Downwind technique 20kt

Discussion in 'Laser Talk' started by pugwash, Jun 9, 2008.

  1. pugwash

    pugwash Member

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    So after slogging uphill towards the topmark in 20kts, I let off vang, cunningham, outhaul and pull up daggerboard halfway - let out main as fast as I can while I bear away keeping the boat as flat as possible. Up she pops onto the plane, heading downwind - then splash - big deathroll that I cannot control by sheeting in and bearing away.

    Should I keep on more vang? Should I broad reach down the course like a skiff?

    Ideas?
     
  2. sk8ingsailor

    sk8ingsailor Member

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    20 isnt that bad, but here a few steps

    1. Let off the vang about half way BEFORE you get to the weather mark
    2. In REALLY heavy air, i leave the cunningham and outhaul on. I might even not take the board up
    3. Squat in your cockpit. Try not to sit on the rail much
    4. keep a tight coarse.
     
  3. Ross B

    Ross B Guest

    dh and oh on, and keep some vang on, head up so your not going directly ddw, you want to be riding the waves, if you go ddw your asking for a death roll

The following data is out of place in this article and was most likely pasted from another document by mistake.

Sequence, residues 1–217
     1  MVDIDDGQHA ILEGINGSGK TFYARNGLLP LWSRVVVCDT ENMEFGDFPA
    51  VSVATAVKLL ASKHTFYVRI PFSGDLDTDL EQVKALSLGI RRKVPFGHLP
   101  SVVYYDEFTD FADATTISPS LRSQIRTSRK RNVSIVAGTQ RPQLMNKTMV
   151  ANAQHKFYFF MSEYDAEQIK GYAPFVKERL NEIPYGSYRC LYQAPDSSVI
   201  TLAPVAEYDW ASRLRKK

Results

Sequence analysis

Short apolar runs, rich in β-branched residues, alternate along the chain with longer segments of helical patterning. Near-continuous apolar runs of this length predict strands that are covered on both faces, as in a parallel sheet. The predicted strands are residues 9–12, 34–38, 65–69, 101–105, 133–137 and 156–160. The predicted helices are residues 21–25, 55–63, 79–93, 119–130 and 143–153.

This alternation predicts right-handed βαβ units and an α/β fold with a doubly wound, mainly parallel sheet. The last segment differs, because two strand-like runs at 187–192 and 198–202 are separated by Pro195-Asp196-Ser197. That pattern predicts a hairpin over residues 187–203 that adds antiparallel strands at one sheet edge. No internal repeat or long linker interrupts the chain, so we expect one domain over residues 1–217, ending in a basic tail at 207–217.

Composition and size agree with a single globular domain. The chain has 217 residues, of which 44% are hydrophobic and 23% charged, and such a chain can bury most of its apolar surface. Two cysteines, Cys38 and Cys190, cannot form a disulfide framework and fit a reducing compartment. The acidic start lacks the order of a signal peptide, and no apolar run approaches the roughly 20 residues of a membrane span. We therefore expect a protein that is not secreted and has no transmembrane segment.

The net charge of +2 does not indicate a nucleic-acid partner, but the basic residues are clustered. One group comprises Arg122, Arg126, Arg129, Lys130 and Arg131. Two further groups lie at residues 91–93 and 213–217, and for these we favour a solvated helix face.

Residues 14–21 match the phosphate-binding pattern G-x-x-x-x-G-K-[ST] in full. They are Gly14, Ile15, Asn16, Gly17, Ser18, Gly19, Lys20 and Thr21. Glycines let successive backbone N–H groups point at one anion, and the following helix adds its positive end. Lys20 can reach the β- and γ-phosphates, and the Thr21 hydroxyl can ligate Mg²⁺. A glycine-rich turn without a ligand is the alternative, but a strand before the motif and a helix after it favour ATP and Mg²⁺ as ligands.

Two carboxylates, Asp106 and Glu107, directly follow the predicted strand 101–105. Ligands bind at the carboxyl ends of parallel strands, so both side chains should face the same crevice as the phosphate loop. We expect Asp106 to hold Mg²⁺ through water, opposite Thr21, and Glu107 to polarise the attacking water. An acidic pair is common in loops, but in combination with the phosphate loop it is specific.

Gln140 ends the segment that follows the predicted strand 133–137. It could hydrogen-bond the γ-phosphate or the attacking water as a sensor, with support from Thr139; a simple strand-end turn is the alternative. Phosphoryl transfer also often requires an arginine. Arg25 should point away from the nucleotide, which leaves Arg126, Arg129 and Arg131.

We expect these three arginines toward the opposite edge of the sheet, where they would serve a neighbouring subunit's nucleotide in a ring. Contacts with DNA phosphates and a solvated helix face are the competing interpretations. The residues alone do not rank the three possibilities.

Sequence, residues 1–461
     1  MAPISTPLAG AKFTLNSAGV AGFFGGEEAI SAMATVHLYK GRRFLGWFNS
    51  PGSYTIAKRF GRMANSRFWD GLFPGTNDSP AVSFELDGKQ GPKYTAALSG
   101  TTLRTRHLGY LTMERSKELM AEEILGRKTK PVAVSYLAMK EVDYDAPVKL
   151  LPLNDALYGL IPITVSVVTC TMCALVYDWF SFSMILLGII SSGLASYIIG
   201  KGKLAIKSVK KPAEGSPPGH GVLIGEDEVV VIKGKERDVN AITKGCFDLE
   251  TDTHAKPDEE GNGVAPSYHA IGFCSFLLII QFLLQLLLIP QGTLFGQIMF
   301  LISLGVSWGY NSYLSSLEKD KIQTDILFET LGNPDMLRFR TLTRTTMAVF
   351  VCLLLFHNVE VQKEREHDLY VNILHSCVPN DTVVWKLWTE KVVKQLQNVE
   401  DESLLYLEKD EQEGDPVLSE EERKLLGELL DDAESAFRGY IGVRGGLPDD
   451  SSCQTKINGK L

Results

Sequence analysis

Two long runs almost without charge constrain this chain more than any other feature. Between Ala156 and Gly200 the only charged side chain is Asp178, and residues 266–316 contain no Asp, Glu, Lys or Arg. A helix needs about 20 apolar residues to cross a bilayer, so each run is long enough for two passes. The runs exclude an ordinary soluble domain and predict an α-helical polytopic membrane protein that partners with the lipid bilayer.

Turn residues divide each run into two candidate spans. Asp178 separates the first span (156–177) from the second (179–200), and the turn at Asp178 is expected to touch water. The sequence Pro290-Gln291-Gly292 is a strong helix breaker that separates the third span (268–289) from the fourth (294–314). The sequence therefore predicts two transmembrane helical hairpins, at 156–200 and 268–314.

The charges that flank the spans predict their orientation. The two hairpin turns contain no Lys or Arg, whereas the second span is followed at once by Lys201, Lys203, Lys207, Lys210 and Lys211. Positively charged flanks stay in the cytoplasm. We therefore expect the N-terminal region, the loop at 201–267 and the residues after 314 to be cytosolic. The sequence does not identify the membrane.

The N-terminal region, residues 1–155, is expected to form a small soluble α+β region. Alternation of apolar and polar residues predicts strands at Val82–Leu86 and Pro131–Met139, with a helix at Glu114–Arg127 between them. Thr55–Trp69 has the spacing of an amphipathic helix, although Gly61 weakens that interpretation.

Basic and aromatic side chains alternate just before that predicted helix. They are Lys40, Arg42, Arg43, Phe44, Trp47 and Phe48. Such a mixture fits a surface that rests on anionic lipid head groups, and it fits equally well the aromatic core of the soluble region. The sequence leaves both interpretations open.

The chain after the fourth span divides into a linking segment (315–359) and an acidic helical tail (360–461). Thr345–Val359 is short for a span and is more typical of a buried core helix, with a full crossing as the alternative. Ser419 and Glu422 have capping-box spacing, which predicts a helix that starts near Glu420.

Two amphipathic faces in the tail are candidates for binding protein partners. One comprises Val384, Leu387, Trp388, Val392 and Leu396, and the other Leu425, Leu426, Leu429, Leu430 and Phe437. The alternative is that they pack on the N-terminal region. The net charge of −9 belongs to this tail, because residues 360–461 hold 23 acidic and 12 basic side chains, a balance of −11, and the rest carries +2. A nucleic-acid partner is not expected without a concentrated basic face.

4. Sailorchick

    Sailorchick Member

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    Don't let your main out past 90degrees or it will want to death roll. Ross's advice about not going ddw is good too for heavy airs
     
  5. bjmoose

    bjmoose Member

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    Set the vang so the top batten's about parallel to the boom, not twisted off past it.

    If the boat starts to roll to windward, yank in some mainsheet and steer more to leeward.
     
  6. whirlwind2

    whirlwind2 New Member

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    Going by the lee is also much more stable than ddw. Make your transitions fast so you spend as little time as possible going ddw. Also, hook your back leg around the hiking strap to lock in and have your front foot against the front of the cockpit so you can slide back quickly when you get on a wave. If the boat feels unstable, work even harder to get on a wave so your apparent wind decreases and you can regain control.
     
  7. LASERNUT

    LASERNUT Member

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    It is never worth lifting the C/B up in anything above 10Knot and almost ddw. It isn't the best designed in the world so you need all the forward drive possible! Even on a reach.
     
  8. yell0wd0g

    yell0wd0g New Member